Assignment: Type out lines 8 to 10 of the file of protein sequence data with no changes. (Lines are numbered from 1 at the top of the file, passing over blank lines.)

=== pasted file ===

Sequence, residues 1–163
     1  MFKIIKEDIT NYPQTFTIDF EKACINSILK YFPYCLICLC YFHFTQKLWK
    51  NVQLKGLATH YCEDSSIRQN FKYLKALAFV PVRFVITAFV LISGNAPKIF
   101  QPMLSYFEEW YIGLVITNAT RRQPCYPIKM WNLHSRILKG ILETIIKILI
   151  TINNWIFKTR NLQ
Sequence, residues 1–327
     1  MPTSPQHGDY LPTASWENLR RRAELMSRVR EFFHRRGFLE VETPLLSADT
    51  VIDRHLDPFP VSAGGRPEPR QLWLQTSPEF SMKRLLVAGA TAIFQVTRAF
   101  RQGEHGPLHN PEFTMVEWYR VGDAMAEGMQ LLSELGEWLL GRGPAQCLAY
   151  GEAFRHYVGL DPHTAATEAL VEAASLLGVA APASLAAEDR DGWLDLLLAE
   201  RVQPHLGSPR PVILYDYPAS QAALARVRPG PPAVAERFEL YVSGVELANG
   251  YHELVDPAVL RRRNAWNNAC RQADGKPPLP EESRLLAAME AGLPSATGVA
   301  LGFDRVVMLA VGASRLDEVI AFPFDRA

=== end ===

    51  VIDRHLDPFP VSAGGRPEPR QLWLQTSPEF SMKRLLVAGA TAIFQVTRAF
   101  RQGEHGPLHN PEFTMVEWYR VGDAMAEGMQ LLSELGEWLL GRGPAQCLAY
   151  GEAFRHYVGL DPHTAATEAL VEAASLLGVA APASLAAEDR DGWLDLLLAE